Bill Bryson.

Bill Bryson is an author who writes in a very descriptive manner about travel and walking. His books reflect British lives, quoting “somebody had to”, in his 1989 travel book The Lost Continent. His writes about where he lives in a graphical way, taking different views about places. His hometown Des Moines, he described in two different ways in two of his books, The Life and Times of Thunderbolt Kid he writes in Contrast to The Lost Continent, very fondly of his hometown, regretting decisions to wanting to get out whilst growing up.

“I didn’t look at the good side of American life. People from Iowa are basically very decent, kind and wholesome, and I kind of neglected that in making fun of them for being rural and out of touch. In hindsight I realise I was lucky to grow up there and then. But I still spent the first 20 years of my life wanting to get out. I resented that I had to grow up in cornfields. I wanted to be in Chicago or New York or Paris, where the lights were bright and something was happening. I felt very hard done by and it was only years later that I could appreciate that the place has a real beauty, albeit it one that might escape most people.”

What he mentions about the idea of him regretting the luxury of his hometown is important to note. I love the concept in what he writes and how he describes places in his books. The details in his ideas of exploring is important to note as a point of reference when I think about my project; I want to be able to take in everything, no matter where I am, and find something interesting and inspire people to want to take a look themselves.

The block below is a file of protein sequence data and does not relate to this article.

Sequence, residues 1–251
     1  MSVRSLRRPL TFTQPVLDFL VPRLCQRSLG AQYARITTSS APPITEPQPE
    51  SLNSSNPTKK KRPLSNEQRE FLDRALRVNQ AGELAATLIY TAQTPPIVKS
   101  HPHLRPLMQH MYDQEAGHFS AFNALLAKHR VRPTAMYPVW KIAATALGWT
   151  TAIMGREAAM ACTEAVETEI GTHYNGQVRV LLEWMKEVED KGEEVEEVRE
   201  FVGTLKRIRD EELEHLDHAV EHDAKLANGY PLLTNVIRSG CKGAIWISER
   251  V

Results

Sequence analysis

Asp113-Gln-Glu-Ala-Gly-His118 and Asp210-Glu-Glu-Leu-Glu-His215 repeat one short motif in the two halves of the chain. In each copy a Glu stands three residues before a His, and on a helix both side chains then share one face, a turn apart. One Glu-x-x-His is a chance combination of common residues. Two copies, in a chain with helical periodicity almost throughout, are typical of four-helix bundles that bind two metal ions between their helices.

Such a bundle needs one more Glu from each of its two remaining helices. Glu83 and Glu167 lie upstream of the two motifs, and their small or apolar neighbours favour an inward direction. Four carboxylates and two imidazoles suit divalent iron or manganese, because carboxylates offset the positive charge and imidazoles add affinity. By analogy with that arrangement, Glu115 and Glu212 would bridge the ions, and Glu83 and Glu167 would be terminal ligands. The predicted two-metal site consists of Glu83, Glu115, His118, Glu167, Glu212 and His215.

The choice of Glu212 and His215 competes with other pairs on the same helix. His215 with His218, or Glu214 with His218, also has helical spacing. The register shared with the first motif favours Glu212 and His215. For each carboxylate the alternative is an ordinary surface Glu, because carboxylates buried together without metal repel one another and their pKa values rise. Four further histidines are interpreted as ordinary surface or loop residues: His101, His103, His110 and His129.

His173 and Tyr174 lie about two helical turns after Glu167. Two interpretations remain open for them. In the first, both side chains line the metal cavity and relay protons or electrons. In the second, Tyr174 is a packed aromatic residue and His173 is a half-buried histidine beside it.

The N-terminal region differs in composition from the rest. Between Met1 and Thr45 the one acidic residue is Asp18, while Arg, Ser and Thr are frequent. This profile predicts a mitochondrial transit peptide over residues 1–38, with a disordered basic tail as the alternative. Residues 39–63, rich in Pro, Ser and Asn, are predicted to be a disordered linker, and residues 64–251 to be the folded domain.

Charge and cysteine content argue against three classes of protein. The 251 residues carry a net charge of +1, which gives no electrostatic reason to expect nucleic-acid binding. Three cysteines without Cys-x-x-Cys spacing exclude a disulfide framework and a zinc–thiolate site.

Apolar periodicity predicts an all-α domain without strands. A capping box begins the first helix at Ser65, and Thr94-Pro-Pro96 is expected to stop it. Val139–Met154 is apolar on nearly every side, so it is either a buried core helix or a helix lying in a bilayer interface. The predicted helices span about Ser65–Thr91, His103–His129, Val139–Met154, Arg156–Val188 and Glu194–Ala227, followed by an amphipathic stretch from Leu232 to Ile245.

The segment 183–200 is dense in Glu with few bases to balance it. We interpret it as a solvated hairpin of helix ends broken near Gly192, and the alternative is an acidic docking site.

He makes an interesting point about how we look after things more when we are poorer. He points out how he “really, really hates this age of austerity. This is the sixth richest country in the world. We can afford to have things. When I first came here this country was much poorer, but much better looked after.” this thought of wanting to preserve things that may not be expensive and look cheap, but they could contain more sentimental value than something that would cost a lot of money because it is sentimental.

From this, it has given me then idea of making a book that could possibly be manufactured in paper quality and a style that is more freestyle and able for anyone to carry. By having something that is not expensive or made with the highest quality, people may want to preserve it more, but they have the freedom to store it anywhere, and it does not matter if corners get creased; this is ultimately beneficial for people who wish to carry around this book, making it feel more personal than professional.

http://www.theguardian.com/books/2015/mar/14/bill-bryson-books-interview-follow-up-notes-from-a-small-island

http://www.billbrysonbooks.com/

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